December 28, 2000 06:30am
Books "Out" Gay Clergy
by: PlanetOut Staff
It's been a tough year for the Catholic church, at least on paper.
When Pope John Paul II decried July's World Pride Roma as "offensive to Christians" and the city of Rome withdrew some of its promised official support for the event, the controversy sparked an unprecedented public conversation about homosexuality in Italy. Several public figures took the opportunity to come out. In November, a Vatican official, Colombian Cardinal Dario Castrillon, publicly admitted that some Roman Catholic priests are gay -- despite the Catholic position that homosexuality is "intrinsically evil" and "objectively disordered" -- although he said their numbers are "much smaller" than in the rest of society. "Their existence hurts us, but we are not ashamed of them," he said.
One of the Pope's biographers has dared to confront the Vatican's anxiety head-on in a new book. Marco Politi's La Confessione is a nonfiction account of one unidentified Italian priest's struggle to reconcile his gay identity with his commitment to the Catholic church. In the book the priest describes an underground network of gay priests within the Italian church. "There are always those who fear being discovered by superiors and listed as partners in a homosexual corporation. It's incredible how the fear is so widespread," he says.
Politi, a journalist who covers the Vatican for the Roman newspaper La Repubblica, also co-wrote His Holiness, a 1997 biography of Pope John Paul II, with American journalist Carl Bernstein. Politi told the Associated Press that he had trouble finding a publisher for La Confessione, due to "a certain amount of fear" of the Vatican's reaction. But the book's first Italian printing of 5000 sold out within three weeks.
Earlier this year, three books published in the U.S. addressed the "gay crisis" facing the American Catholic church. The book that drew the most favorable critical reception -- as well as the most admiring audience among the Catholic clergy -- was the solemn and remarkably candid The Changing Face of the Priesthood by Donald Cozzens, a highly respected "priest's priest" who has spent 35 years ministering to priests and seminarians in the Diocese of Cleveland.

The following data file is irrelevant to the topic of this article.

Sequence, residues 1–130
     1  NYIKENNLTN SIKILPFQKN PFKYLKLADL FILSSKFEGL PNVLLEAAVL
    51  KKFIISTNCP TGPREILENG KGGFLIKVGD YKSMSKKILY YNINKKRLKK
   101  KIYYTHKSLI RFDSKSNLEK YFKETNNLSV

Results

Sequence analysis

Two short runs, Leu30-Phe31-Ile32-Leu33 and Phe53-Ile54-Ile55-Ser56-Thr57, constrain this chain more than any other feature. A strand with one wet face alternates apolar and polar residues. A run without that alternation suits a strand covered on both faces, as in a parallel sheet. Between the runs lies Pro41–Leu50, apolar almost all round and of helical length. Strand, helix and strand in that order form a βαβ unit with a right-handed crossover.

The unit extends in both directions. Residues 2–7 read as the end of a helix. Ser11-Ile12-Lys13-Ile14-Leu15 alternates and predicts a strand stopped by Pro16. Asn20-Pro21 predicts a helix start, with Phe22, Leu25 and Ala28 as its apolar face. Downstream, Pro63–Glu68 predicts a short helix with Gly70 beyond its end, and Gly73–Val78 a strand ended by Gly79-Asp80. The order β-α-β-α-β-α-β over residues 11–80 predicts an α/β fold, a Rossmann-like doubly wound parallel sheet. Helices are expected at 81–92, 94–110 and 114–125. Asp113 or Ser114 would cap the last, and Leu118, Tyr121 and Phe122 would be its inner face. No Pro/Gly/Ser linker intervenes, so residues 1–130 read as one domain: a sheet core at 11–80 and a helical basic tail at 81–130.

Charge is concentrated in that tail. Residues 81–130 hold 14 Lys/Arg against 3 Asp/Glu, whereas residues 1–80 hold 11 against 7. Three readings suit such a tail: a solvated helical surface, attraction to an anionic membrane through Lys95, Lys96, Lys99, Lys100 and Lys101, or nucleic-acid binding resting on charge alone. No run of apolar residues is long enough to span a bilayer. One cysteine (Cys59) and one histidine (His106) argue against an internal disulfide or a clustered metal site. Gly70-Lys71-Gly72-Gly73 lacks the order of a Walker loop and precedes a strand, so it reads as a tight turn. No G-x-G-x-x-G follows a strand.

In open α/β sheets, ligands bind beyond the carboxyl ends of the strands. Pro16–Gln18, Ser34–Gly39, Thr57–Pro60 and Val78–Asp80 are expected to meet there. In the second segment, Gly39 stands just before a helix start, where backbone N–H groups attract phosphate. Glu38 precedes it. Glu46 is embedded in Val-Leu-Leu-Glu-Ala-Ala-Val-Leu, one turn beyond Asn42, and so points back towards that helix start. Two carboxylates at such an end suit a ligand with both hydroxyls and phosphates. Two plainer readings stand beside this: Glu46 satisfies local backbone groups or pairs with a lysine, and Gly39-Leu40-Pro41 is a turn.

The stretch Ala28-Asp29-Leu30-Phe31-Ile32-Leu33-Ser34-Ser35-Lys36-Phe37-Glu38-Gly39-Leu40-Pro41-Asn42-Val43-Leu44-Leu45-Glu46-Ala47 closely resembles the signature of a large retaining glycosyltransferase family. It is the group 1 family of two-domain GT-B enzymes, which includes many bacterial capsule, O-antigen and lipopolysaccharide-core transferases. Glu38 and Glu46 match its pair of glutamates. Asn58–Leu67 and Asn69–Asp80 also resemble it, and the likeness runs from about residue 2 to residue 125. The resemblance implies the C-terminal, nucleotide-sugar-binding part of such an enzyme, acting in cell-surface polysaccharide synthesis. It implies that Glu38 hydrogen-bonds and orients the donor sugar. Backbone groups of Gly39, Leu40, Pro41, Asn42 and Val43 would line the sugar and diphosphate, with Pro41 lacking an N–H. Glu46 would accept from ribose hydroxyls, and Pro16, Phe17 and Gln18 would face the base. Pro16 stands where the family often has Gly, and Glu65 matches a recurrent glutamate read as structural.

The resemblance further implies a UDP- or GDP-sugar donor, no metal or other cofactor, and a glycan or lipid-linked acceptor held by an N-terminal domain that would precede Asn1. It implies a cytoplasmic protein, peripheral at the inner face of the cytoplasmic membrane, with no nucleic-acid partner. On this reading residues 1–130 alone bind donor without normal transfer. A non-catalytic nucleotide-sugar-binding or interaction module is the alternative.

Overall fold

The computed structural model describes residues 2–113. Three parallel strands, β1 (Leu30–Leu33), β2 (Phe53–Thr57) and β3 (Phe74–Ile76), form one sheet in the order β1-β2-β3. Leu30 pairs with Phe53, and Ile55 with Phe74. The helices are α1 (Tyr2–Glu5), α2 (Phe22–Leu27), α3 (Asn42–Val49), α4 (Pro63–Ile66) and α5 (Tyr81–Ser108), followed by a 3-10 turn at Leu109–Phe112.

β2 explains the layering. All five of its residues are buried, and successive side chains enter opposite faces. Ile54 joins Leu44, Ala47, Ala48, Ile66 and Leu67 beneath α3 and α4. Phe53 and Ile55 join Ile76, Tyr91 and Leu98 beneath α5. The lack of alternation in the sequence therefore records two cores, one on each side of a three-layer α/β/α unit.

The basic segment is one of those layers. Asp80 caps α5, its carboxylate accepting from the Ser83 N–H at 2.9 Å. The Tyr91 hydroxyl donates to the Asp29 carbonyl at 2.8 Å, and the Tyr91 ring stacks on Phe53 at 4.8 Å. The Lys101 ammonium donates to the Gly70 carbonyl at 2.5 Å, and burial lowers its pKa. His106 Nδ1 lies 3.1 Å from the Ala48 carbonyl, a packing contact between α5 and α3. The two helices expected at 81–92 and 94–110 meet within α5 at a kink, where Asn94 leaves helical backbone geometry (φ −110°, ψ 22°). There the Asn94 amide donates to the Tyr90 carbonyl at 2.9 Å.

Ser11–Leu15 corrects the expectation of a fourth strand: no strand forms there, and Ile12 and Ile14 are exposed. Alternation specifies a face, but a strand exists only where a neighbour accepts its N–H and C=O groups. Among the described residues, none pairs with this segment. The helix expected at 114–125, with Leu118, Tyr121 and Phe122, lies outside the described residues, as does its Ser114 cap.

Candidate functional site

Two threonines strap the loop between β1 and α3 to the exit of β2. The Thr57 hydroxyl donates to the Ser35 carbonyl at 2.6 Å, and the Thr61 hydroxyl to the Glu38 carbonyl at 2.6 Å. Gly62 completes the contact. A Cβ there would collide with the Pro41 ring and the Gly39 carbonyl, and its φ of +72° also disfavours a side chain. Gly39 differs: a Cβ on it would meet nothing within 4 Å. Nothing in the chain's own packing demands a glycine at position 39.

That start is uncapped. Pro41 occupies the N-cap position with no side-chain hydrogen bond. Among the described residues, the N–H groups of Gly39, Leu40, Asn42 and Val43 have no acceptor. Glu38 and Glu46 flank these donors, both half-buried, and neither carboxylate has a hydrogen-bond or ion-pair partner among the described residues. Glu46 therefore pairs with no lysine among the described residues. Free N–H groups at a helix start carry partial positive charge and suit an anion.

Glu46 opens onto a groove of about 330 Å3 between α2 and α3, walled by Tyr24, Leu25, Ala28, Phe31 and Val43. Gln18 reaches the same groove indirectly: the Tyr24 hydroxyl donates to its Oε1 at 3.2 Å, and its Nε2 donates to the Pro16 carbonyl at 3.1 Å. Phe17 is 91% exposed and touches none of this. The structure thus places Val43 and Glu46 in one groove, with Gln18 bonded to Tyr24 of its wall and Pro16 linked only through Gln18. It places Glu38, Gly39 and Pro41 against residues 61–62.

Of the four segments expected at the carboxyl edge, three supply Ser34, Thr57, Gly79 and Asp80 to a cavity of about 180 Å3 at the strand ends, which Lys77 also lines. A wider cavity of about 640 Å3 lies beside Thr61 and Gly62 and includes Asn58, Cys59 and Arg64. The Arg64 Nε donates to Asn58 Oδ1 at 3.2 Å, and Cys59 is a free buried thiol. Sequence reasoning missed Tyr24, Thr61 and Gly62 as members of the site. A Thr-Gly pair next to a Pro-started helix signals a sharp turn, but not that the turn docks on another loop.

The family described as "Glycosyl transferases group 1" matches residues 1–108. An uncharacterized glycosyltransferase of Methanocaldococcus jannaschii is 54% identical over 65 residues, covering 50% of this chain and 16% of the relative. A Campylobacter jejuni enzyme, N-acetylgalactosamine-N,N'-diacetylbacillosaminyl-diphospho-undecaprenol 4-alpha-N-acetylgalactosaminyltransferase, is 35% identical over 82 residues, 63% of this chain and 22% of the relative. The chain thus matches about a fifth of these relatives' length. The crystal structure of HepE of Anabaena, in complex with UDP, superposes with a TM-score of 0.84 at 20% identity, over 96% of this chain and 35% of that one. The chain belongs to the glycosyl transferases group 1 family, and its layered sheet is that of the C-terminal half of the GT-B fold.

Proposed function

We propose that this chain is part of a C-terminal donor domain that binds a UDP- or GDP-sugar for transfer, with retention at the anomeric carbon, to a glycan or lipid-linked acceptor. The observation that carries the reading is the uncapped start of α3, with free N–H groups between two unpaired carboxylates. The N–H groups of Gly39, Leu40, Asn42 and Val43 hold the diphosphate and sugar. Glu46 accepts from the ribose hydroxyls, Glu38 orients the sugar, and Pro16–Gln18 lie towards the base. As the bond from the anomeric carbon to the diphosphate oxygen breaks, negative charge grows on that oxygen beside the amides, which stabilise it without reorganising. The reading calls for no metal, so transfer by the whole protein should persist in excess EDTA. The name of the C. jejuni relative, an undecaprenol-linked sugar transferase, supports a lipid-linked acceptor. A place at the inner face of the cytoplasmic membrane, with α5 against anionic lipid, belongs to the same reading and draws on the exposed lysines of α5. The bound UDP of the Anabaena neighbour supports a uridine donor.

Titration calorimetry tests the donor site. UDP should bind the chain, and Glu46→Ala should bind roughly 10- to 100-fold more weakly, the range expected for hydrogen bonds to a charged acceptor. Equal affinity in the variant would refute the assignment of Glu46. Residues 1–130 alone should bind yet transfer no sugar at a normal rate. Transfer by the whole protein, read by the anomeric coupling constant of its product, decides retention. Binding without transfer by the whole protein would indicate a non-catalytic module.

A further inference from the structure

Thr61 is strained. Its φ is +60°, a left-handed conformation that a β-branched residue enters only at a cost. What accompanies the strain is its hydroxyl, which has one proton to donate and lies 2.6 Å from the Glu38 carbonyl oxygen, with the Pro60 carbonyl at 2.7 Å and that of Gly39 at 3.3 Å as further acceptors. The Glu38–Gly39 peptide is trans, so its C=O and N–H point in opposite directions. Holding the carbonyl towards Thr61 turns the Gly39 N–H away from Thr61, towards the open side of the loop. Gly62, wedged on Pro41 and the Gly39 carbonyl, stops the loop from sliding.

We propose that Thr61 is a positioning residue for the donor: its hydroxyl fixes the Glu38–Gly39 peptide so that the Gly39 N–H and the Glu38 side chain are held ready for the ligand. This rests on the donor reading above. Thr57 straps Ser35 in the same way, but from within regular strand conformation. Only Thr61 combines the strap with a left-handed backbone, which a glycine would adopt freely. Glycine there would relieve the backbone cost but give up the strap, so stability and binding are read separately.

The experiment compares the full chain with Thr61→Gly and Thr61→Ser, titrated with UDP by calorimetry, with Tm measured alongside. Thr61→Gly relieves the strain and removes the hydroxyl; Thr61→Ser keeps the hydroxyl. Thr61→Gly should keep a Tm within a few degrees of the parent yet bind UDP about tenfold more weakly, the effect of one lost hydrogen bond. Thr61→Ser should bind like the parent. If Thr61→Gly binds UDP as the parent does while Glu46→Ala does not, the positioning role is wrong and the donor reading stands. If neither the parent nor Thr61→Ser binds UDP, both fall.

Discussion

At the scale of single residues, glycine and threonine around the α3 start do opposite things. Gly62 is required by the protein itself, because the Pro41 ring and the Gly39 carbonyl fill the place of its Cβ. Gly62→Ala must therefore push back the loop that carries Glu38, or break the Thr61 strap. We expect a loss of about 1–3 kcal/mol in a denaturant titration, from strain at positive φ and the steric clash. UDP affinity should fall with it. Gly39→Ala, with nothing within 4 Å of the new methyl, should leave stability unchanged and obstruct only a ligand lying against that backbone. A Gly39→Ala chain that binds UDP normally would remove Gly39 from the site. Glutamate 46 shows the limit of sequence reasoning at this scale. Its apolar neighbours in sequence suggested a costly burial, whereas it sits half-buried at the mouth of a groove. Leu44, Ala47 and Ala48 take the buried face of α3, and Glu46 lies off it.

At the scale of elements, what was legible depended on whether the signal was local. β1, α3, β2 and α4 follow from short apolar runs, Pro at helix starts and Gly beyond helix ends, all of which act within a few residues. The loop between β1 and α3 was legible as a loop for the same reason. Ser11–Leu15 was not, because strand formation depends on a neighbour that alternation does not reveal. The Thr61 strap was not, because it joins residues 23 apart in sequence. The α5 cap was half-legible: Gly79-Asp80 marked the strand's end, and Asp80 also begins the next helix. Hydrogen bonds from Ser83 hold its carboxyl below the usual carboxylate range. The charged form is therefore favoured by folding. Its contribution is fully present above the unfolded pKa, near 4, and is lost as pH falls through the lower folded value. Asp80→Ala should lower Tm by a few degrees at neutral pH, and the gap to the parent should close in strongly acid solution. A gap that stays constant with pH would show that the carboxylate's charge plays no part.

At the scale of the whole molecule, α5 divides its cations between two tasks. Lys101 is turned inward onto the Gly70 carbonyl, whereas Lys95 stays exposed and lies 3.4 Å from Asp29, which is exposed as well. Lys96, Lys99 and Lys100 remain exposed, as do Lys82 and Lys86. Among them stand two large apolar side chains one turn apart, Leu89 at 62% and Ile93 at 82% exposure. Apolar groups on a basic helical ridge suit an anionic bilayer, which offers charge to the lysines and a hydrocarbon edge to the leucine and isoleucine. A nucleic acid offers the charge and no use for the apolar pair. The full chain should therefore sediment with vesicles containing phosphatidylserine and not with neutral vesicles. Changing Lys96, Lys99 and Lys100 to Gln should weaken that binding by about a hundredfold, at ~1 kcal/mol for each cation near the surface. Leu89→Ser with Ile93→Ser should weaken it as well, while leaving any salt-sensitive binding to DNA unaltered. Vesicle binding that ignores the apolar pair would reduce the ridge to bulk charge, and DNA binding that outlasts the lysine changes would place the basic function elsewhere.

The Catholic clergy has been dramatically shrinking throughout the past thirty years. The average age of diocesan priests is now close to 60 -- raising serious questions about the future of the church. Cozzens blames this "crisis of soul" on the clergy's eroding authority after Vatican guidelines issued in the early 1960s gave new power to lay Catholics, the loss of respect due to sex abuse scandals, the difficulty of finding intimacy while remaining celibate, and "the growing perception (one seldom contested by those who know the priesthood well) the priesthood is or is becoming a gay profession." No one knows the real numbers, but Cozzens cites a 1989 study that estimated that that 48.5 percent of priests and 55.1 percent of seminarians were gay. He describes a culture of secrecy, confusion, and fear -- a vast and ornate closet -- that is causing profound damage to both its straight and its gay inhabitants.
Papal Sin, historian Garry Wills's no-holds-barred critique of Pope John Paul II, the Catholic doctrine of papal infallibility, and the Churches "structures of deceit," also predicts imminent disaster if the church doesn't address looming issues of sex and gender. Because of the current pope's continued insistence on celibacy among the clergy, Wills says, "many observers suspect that John Paul II's real legacy to his Church is a gay priesthood." More priests leave the clergy to marry than for any other reason. It seems likely then, as gay relationships become more and more accepted in secular society, that gay men will -- like their straight counterparts -- become increasingly reluctant to choose either celibacy or a guilt-ridden double existence and begin departing the priesthood en masse.
In his controversial book, The Silence of Sodom, gay professor of religion Mark D. Jordan goes even further, claiming not only that the church is full of gay men, but that its structures and rituals themselves -- the all-male clergy in their flowing vestments, even the act of taking communion below a naked statue of Christ -- are inherently homoerotic. He assails gay priests for colluding in the church's culture of silence. "I want gay priests -- those who are out and those who are not -- to think about what they are doing; to do an examination of conscience on themselves. I do think that the likeliest place for change to start is with a change of heart in the gay priests," he told the Southern Voice.
Each author begins by professing his love for the Catholic church, as well as his deep concern for its current hypocrisies and its future survival. And every one ends by prescribing the same remedy -- urgent and uncensored discussion reaching to the highest levels of the church hierarchy. Their courageous books are tiny -- but necessary -- first steps.